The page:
The Nine Sports
Encouraged by the success of the earlier "Nine" two seater sports cars, Singer introduced the new Nine Sports in the fall of 1932. Although it represented an evolution of the Junior and the 9 h.p. range of cars, it was quite a distinctly different machine, even being built in a different factory. The Nine Sports was manufactured in Coventry, whereas the other models were built at the Birmingham site.
The Nine Sports was modeled after the Le Mans styling of the day. While it was certainly a four seater, a third or forth passenger could be carried, at least short distances, sitting in a rather upright fashion in what was a fairly cramped rear seating compartment. Leg room in the rear was accommodated by two deep wells on either side of the propeller shaft.
The Nine Sports was fitted with the familiar 972 cc. overhead cam engine, which now had an increased bore of 60mm fed by twin downdraft S.U. carburetors. The gear box had a very close ratio which made it especially suited to trials work where maximum speed was not as important as power and acceleration. Half elliptic springs were used all around and they were controlled by large adjustable André Hartford friction shock absorbers. The suspension was unusually good, providing suppleness with a complete absence of any sign of wheel shimmy, rolling or pitching. Lockheed 10 inch hydraulic brakes were standard on both front and rear and allowed for fairly powerful braking. The Nine developed approximately 31 b.h.p. at 4600 R.P.M and could reach a speed of over 66 m.p.h. with the windscreen lowered flat. With the windscreen raised, top speed was slightly lower at approximately 64 m.p.h. An easy cruising speed of 50 m.p.h. could be maintained.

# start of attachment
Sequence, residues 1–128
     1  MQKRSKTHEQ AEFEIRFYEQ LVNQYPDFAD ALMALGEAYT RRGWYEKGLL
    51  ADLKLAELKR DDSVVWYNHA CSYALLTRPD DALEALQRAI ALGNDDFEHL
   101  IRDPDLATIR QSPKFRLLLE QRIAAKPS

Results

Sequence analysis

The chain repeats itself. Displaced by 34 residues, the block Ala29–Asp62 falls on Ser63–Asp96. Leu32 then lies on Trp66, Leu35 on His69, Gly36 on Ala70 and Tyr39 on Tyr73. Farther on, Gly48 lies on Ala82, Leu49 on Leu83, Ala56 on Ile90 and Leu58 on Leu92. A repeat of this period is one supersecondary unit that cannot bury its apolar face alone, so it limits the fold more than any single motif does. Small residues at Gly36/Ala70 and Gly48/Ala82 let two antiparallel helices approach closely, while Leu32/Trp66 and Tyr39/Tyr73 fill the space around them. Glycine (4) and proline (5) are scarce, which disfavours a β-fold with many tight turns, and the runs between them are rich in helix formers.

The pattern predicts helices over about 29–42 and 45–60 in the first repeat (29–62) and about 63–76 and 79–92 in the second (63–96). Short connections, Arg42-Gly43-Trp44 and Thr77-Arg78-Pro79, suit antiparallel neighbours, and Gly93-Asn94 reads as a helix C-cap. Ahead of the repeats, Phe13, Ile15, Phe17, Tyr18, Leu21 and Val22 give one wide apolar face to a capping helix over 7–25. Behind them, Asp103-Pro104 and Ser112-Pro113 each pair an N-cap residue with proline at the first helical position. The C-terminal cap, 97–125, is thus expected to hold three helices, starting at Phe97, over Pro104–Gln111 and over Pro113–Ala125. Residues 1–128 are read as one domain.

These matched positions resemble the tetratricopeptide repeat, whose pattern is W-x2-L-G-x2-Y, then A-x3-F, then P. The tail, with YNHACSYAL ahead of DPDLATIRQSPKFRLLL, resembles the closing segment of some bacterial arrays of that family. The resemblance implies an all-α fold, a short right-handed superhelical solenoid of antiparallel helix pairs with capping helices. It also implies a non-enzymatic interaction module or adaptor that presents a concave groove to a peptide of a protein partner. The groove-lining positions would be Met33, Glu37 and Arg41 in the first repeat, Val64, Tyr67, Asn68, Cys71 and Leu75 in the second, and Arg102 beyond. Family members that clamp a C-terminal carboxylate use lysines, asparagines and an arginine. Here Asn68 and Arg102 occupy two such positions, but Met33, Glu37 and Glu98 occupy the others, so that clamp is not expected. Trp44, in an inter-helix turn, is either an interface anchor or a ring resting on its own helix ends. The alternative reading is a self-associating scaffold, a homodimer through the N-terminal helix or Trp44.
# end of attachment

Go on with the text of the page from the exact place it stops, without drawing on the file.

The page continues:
The Nine Sports marked the first really serious onslaught on the patronage of sports car enthusiasts. Immediately, it was hailed as "looking right" and within a very short time it had proven itself to be a winner on the score of performance. Early examples romped around the late autumn trials and a fleet of nine of them scored heavily, taking 8 premier awards in the London to Exeter run at Christmas.
The Nine won high praise when an essentially stock model driven in the 1933 Le Mans by Barnes and Langley became the first unsupercharged British car under 1000 ccs to qualify for the Rudge-Whitworth Biennial Cup. Modifications to the car from stock included a mildly tuned, higher compression engine, altered gear ratios, larger headlights and a long range gas tank which entirely displaced the rear seating compartment.
Singer continued to prove the Nines mettle in other grueling long distance reliability competitions. Notably, a team of three Nine Sports production models were entered in the Alpine 6 Days Trial, held over some of the highest mountain passes in Europe. The entire Singer team finished intact to win a second place finish for cars under 1100 ccs.
Equipped with an impressive array of instruments, an Ashby Brooklands steering wheel, a mahogany dashboard and trimmed in furniture hide upholstery, the Singer was a bargain. Priced at only 185 pounds, the stock Nine Sports matched and beat its closest rivals in quality, performance and price.
From 1933 to 1937, the Nine Sports was steadily and continuously improved and updated in both subtle and obvious ways. For 1934, one of the most evident changes was the modification of the front fenders. The original 1933 models had a very abbreviated fender which provided inadequate protection from gravel and dirt kicked up by the front tires. To protect the paint on the side of the car, longer, more graceful front fenders, with small gutters concealed on the underside of the rear tip were introduced.
Substantial changes were also made to the 1935 model, which saw the addition of running boards, wider doors and a graceful sweeping tail into which the spare was stowed, concealed by a detachable cover. A light, removable luggage grid was also provided and fitted to the rear of the car.